I've recently moved from VMWare Server to ESXi 4.0. Running on Dell T310. My VM's have been restored but they are running dog slow compared to VMWare Server. I loaded ESXi 4.0 using only default values.

Where are some areas where I can tweak the performance? Even logging onto the VM's can be extremely sluggish. Trying to install software on any of them is a new experience in pain.

Dell PowerEdge T310
Xeon X3460 2.80 GHz
1 HD (2 TB)

I have 16 VM's on this server, but only six or so will be running during my testing. I keep an eye on the Resource Allocation and Performance tabs for the host and I never see CPU or RAM getting anywhere close to pegged. Events tab does show some notices for video RAM issues and some hints on Windows activation issues, but nothing that would point to the sort of sluggishness that I'm experiencing.

1 Windows Server 2008 R2 (64-bit) - 4 GB RAM
1 Windows 7 (32-bit) - 2 GB RAM
1 Vista (32-bit) - 1 GB RAM
3 XP (32-bit) - 1 GB RAM

Over to you!

Thanks - Shawn


4 Answers 4


My guess is that you are running this all on 1 HD. VMware is all about the IOPS and the first thing to go is usually the IOPS. Use ESXtop to check your IO numbers. 1 HD is good for about 150 IOPS

  • You are correct - 1 HD. Jun 1, 2010 at 19:42
  • see my revisoin about ESXtop
    – Jim B
    Jun 1, 2010 at 19:45

To continue on @Jim B's comment: I'd guess you have a 7200RPM SATA drive since you mentioned 2TB capacity. That drive is going to give you under 100 IOPs, which will really struggle if those VM's are doing pretty much anything with IO.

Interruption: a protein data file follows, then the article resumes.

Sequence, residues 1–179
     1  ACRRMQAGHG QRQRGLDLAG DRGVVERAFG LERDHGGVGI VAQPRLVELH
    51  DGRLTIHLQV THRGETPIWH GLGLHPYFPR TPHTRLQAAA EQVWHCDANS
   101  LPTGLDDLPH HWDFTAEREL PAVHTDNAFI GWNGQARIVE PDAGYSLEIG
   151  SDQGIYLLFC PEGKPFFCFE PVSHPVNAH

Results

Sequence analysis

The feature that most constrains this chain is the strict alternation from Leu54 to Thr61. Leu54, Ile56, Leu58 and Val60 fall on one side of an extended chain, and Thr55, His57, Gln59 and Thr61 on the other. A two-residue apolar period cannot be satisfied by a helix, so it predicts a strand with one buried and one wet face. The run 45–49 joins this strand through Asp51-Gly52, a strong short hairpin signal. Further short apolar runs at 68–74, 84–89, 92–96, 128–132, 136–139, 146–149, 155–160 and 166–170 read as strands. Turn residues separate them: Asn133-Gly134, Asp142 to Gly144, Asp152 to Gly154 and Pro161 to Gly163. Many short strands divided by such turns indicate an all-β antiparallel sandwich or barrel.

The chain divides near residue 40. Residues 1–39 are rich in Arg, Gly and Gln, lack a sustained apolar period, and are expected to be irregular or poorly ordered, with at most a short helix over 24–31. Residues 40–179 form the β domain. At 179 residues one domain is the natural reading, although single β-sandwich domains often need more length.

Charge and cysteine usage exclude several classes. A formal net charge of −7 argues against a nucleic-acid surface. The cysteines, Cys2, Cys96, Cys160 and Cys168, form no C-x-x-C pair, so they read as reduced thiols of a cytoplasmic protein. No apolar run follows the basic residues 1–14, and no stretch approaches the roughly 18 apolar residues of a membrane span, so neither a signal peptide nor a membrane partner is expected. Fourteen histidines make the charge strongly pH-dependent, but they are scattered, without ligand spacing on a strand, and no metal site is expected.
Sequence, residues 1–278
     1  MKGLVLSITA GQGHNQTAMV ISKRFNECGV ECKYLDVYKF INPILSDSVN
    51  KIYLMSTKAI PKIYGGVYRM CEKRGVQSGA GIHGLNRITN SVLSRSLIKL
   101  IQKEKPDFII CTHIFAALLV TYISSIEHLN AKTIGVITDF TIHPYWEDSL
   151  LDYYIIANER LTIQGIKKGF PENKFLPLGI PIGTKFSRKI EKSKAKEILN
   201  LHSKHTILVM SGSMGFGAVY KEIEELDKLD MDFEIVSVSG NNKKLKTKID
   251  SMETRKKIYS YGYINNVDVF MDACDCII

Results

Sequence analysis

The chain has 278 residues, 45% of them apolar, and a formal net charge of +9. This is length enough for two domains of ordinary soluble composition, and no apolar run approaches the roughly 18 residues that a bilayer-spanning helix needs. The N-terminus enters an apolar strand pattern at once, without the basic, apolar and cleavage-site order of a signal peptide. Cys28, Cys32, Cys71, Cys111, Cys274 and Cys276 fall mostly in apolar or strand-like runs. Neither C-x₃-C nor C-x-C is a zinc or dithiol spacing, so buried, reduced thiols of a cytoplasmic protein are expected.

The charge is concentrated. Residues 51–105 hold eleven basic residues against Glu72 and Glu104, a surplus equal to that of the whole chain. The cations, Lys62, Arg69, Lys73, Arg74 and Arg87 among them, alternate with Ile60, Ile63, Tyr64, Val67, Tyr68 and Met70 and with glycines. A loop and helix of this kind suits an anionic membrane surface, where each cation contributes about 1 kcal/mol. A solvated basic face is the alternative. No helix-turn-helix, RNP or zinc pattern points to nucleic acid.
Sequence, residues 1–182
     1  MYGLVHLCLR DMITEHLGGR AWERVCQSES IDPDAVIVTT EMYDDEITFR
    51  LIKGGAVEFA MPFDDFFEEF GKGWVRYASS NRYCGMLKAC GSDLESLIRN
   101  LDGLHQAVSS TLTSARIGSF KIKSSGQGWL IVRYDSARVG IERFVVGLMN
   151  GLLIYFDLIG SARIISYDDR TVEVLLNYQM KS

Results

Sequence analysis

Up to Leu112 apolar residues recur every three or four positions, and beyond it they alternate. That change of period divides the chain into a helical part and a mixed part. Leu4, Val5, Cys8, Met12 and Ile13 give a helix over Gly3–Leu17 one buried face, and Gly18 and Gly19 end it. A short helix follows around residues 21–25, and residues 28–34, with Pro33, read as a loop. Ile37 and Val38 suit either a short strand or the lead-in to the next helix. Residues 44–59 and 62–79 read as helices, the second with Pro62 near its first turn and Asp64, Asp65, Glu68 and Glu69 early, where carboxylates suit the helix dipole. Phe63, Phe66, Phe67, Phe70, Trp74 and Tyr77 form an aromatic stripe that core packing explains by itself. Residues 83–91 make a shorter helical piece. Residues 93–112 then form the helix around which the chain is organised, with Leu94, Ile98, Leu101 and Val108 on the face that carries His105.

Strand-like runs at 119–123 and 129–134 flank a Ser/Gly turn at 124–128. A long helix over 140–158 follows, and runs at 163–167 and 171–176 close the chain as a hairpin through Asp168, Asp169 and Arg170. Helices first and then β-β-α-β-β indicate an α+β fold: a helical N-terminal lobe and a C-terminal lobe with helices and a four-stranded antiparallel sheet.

If it's possible - an option would be to add a SSD drive to your box. If your VM's are thin provisioned(you can convert them with vmkfstools) and don't have a ton of data it would serve you well.


Your problem is the Hard disk. As Jim B said use ESXTOP or the Disk counters in the VI Client's Performance Tab to check the actual numbers but you will almost certainly find that the disk latencies are very high (many 10's of ms if not 100's) and queue lengths will be long, in your case a sustained queue length over 1 will be a problem becausee you only have one disk to deal with the IO requests.

1 2TB HD is good for around 80 IOPS under stress because it's a 7.2K SATA disk at best, if it's a 5400RPM drive it will be even worse. Running 6 assorted Windows VM's off a single disk concurrently is going to be dog slow on any platform. You need between 30-50 IOPS per Windows VM typically and more if they are doing any sort of work - and new installs of Windows 7 and Vista will have indexing running like a train for a while which will certainly stress the disk IO. At a minimum you will want three or four SATA disks in RAID 5 in order to make this set up bearable. You say that things were better with VMware Server - were you running this many VM's concurrently with that and if so with what hard disk subsystem?

  • I was under the assumption that RAID is not supported in ESXi. Has this changed? Jun 2, 2010 at 16:27
  • @Shawn ESXi has almost exactly the same feature set as ESX - the critical difference between them is that there is a free license for using ESXi without vCenter. When I said three or four drives in RAID 5 I was assuming the use of a hardware RAID controller which ESXi definitely supports.
    – Helvick
    Jun 2, 2010 at 17:30
  • Thanks for taking the time to explain, Helvick. It's much appreciated. Jun 2, 2010 at 17:49

In addition to the HD stuff, make sure you install VMWare tools, without those even in the highest performing systems I've seen things be dog slow until they where installed.

  • Excellent point. Yes, VMWare Tools are installed on all systems. I can't imagine using VMWare without the tools. (That would indeed be a new experience in pain.) Jun 2, 2010 at 17:50

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